This result is related to the inverse elasticity result since, for example, the tax-induced price increase for an elastically demanded commodity will tend to significantly reduce the value of consumer expenditure and so, taking account of the consumer’s budget constraint, will tend to have a particularly depressing effect on the incentive to earn income, aggravating the unavoidable distortion of labor-leisure decision.


    For example, it can be seen from Atkinson and Stiglitz (1980) that it is sufficient for the optimality conditions to be satisfied with two distinct nonzero rates of indirect taxation that preferences be of the form U[F(X0,L)]+A(X1α+X2α,L)+B(X1β+X2β,L), where the sets of goods superscripted by 0, α, and β are disjoint. The solution applies identical nonzero rates to goods that are perfect substitutes for one another.


    Results from such models are limited, not least because they presume forms of preferences that may to some degree prejudge the potential gain from departures from uniformity. Moreover, the conclusions drawn may be sensitive to the precise exercise considered. In Ballard and Shoven (1987), for example, the effects of differentiation in mitigating the impact of the VAT on the poorest decile depend very much on whether the VAT is used to reduce marginal rates of income tax by the same proportion for all taxpayers or by the same absolute amount. In the latter case, differentiation reduces the adverse impact on the poorest by 0.4 percent of the present value of their lifetime income (Table 6.8), which is larger than the mitigating effect on the poorest groups found by Hossain (1995).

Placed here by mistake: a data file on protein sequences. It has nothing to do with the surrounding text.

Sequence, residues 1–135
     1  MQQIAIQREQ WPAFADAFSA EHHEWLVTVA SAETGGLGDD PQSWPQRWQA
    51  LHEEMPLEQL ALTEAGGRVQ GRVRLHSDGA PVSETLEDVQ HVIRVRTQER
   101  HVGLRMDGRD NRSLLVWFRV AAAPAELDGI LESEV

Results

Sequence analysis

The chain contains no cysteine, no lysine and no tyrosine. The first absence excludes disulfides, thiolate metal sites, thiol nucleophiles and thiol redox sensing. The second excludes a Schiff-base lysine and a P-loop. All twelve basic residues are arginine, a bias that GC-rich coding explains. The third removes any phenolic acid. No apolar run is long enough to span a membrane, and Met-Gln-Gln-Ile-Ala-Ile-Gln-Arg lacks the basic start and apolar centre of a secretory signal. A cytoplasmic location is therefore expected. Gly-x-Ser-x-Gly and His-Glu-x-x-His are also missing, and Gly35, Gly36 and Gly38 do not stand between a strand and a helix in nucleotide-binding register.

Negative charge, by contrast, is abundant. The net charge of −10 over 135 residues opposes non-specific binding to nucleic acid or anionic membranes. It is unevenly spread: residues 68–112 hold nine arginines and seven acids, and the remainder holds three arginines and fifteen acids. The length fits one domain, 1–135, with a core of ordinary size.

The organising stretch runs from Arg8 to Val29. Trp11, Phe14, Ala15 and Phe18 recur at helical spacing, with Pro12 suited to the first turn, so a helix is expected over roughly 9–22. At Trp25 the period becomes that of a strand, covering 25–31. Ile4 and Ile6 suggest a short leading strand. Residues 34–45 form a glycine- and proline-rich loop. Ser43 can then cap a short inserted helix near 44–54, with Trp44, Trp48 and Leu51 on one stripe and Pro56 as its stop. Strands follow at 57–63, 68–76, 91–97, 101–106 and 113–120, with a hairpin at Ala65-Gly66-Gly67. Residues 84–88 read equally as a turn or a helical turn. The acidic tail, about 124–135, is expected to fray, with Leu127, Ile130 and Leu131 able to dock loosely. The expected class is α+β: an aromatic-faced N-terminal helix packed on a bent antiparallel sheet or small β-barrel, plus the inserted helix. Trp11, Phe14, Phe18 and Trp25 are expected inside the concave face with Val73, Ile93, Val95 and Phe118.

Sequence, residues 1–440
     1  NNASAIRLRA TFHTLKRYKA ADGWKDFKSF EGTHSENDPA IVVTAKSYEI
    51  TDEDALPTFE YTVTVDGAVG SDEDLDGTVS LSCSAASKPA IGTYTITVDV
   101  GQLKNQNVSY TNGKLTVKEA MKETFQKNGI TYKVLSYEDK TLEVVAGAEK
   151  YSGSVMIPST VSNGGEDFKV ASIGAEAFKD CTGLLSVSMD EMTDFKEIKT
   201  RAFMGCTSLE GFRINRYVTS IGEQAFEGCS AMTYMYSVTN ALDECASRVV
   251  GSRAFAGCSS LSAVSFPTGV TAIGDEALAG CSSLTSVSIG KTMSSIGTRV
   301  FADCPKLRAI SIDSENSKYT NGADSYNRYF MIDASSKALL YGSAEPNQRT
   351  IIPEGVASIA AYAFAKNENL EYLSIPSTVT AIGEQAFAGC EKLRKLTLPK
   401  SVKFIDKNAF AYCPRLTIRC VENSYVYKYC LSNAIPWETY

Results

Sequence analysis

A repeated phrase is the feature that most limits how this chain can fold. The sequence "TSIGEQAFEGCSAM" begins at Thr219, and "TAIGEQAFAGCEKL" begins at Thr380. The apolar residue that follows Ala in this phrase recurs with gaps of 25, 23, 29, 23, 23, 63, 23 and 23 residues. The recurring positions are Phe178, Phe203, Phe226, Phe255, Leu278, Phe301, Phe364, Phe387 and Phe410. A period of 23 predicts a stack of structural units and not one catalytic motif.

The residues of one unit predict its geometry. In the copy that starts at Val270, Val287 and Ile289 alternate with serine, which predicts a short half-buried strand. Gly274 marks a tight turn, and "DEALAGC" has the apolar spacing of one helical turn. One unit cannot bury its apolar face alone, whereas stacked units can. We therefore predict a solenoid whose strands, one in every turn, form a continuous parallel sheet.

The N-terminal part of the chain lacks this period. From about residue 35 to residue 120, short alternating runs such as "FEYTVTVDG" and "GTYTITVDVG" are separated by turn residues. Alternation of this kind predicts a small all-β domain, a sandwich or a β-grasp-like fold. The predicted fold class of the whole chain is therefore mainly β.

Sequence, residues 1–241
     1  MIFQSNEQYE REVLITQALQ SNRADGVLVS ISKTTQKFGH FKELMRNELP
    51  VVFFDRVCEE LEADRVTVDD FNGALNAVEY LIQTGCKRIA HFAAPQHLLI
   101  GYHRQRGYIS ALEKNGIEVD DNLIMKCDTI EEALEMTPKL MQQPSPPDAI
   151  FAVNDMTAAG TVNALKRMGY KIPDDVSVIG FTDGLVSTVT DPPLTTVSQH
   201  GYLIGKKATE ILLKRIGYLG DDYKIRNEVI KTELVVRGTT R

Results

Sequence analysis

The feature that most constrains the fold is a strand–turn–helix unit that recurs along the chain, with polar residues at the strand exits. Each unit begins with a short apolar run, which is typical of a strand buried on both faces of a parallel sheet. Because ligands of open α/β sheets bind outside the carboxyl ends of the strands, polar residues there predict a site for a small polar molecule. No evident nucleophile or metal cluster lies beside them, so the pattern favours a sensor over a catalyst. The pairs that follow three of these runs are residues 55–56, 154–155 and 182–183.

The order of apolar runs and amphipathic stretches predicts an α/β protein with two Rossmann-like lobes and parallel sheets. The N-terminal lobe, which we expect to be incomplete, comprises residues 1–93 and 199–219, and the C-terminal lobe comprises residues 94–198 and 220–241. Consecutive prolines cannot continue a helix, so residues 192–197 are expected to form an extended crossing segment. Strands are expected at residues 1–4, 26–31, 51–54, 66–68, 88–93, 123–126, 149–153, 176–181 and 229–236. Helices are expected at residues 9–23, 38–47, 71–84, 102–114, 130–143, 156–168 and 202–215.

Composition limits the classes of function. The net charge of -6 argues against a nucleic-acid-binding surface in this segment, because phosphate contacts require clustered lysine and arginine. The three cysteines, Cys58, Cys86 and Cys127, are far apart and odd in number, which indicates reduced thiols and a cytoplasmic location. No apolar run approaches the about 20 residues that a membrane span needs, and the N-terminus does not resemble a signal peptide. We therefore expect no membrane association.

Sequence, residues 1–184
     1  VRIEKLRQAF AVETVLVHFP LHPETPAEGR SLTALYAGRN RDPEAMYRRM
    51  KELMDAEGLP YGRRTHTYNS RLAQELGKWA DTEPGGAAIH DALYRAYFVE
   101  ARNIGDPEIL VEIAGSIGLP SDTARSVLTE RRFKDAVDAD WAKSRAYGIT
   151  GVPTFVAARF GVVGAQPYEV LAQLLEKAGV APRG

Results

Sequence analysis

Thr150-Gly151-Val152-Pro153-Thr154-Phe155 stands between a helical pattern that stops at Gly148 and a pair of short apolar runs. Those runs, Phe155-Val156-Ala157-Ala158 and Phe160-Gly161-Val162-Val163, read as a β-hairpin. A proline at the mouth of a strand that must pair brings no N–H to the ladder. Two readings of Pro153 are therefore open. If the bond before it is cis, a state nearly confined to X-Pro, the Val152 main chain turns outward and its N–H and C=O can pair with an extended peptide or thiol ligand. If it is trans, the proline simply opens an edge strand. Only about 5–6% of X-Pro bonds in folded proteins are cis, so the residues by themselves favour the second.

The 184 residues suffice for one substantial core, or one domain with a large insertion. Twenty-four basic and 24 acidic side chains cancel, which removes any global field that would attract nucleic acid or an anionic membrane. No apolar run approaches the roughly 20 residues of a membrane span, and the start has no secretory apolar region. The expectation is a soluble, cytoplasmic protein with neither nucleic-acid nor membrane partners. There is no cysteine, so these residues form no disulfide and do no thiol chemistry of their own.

The argument is developed by Sah (1983).


    And of course rate differentiation will do nothing for equity concerns if poorly designed: Liberati (1999), shows that, conversely, a recent reform in Italy involving a reduction in the number of VAT rates in Italy actually improved the distribution of real income.


    In the simplest case, incidence—the extent to which the burden of the tax is split between consumers and producers—depends on relative elasticities of demand and supply. Kotlikoff and Summers (1985) and Boadway and Keen (2000) review the literature on tax incidence.


    The importance of indirect tax effects operating through the sources of income, rather than the uses to which it is put, is emphasized, and analyzed in a CGE model of a developing country, by Bovenberg (1987).


    There may be some very specific exceptions. The sale of a business as a going concern, for example, should in principle be subject to VAT (with a credit for the purchaser); but difference in the timing of the purchase and subsequent credit may create cash flow problems for the purchaser that can be avoided by simply zero-rating such transactions.


    Unfortunately, there are no data allowing a comparable analysis in relation to exemptions, an area in which the effects at issue may be even more important.


    An exemption may be defined either in terms of particular commodities or in terms of particular traders. An example of the latter kind is the exclusion of small traders from the VAT system through use of a threshold below which registration for the VAT is not required. This kind of exemption is discussed separately below.


    Some countries impose an excise on cement.


    This will be so however many taxable stages occur after the exemption: even if the immediate purchaser from the exempt sector sells to a registered trader, who is therefore able to reclaim the increased tax charged by that supplier, the increase in output prices throughout the chain will at some point be reflected in sales to unregistered persons (including final consumers).